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Nurse Practitioner Elected Medical Staff President

Rebecca Hendren, for HealthLeaders Media, February 8, 2011

"We have been saying in nurse practitioner circles for years that nurse practitioners can do most of the things that docs have been doing," says Donaldson. "[The CEO] felt we could do a comparable job. So we've been doing it—and people like it."

As an admitting provider in the ER, the hospital's medical staff got to know Donaldson well and in 2008 he was invited to be on the team to review and revise the medical staff bylaws.

"The medical staff, all physicians, voted to give equal rights to nurse practitioners on the medical staff," says Donaldson. "Which means if you have a practice here and you are involved in admissions to this hospital, that you are equal to a doctor as far as privileges at the facility and within the medical staff."

In another unusual move, Donaldson's work in the ER means he admits patients to the hospital and its various providers every day, so the hospital decided to give him attending status.

Donaldson says that in 2009 the hospital needed to fill the position of medical staff president and was having difficulty attracting volunteers. So he put his name in the hat. 

"I look at that as like anything else nurse practitioners have done," he says. "There's a void and we step in and we do the job. So that's what I did."

Donaldson notes with a laugh that once a nurse practitioner's name was in the running, other physicians stepped up to add their names. After three rounds of voting, he was elected with more than 50% of the all-physician vote. Since his election, he has enjoyed success and support from his colleagues

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5 comments on "Nurse Practitioner Elected Medical Staff President"


Lisa Sams MSN, RNC (3/25/2011 at 4:51 PM)
Congratulations, this is such an important step for patients and families. Care can only be improved by high functioning interdisciplinary teams and what many consumers feel when they spend time with an Advanced Practice Nurse is they are treated as a whole person. Nursing continues to research and enrich clinical care through this view.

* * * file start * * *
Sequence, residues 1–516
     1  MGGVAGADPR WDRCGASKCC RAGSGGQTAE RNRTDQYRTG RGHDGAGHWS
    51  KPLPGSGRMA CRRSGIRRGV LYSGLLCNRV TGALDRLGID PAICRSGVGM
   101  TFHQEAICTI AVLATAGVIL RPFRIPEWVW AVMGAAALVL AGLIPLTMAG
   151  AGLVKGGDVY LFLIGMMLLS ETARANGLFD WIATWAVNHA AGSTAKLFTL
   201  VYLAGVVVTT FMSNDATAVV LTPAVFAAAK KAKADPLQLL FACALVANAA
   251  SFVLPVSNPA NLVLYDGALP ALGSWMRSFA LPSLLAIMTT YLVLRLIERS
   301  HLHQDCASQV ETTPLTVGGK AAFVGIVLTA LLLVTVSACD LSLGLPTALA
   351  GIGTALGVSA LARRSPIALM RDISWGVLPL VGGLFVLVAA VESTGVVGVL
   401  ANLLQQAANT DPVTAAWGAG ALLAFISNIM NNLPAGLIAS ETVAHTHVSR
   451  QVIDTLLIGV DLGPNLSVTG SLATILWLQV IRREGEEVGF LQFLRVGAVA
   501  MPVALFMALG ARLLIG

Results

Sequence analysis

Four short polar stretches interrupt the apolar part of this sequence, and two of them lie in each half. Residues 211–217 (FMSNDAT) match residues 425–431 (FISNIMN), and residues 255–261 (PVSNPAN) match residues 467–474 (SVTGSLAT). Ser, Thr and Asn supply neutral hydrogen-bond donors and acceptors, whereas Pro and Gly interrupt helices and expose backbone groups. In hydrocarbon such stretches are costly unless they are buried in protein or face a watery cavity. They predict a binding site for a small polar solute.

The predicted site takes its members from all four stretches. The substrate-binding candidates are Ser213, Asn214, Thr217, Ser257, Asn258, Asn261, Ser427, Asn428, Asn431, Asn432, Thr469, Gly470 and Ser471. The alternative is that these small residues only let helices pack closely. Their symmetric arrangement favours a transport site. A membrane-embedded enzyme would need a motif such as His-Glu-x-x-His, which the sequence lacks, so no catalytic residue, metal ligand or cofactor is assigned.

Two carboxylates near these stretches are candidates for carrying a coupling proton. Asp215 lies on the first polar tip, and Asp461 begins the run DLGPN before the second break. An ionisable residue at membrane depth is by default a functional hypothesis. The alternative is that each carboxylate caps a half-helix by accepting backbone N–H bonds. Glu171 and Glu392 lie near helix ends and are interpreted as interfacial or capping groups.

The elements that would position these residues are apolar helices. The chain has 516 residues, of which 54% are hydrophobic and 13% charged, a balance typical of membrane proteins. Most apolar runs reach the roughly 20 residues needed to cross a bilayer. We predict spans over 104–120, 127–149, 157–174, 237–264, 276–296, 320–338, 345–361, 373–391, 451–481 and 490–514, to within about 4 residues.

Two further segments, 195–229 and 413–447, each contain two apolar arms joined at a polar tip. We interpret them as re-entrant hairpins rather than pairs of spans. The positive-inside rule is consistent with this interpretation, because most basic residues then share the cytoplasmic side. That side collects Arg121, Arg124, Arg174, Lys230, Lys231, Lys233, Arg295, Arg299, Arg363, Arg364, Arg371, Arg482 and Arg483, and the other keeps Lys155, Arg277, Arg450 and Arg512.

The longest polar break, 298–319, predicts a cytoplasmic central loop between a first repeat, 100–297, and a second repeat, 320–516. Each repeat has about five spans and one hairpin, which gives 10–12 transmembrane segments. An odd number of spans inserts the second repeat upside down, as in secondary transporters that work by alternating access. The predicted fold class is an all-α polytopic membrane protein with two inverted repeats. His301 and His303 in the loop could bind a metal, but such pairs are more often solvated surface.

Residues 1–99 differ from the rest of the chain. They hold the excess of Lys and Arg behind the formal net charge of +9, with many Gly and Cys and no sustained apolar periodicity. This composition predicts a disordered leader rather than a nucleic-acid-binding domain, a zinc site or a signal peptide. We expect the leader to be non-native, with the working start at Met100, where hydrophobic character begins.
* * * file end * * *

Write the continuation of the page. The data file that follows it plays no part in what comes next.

VBA (3/19/2011 at 1:39 PM)
Regarding medical management, the individual makes more difference than whether they are a physician or a nurse or a tech or anyone. A leader is a leader. With respect to the management of the critically ill patient and performing intubations, central lines, cracking a chest, cardioversion, and performing many other tasks, I am very concerned about not having a trained emergency physician in the emergency department. A nurse practitioner or physician assistant can do an amazing job for 90% of the patients who come to the ED, but there is a difference in the training both in content and duration between the two specialties (NP, PA is definitely a specialty and are amazingly skilled positions). its similar to a computer programmer and a the hardware engineer; both very skilled, but different talents and knowledge sets. They are not substitutes of each other and can be very dangerous when someone comes to the ED with a true emergency to not have the right person there to help them.

Susan Johnson (3/18/2011 at 11:06 PM)
I'm sorry, but when I go to an emergency room I expect their to be a doctor on-site. Maybe a nurse can handle many/most of the things that go on in an ER, but its ridiculous that there's absolutely no ER doctors on staff and its all nurses and PAs. Thats extremely dangerous to let these folks practice solo without supervision. An ER doctor has more than 4 times the training that an emergency NP or PA gets. We are not talking about a clinic where people treat cough and runny nose. The name is EMERGENCY for a reason and we need the BEST trained people we can get in there. I will not be coming to that hospital anytime soon and I'd advise everyone else to steer clear of it.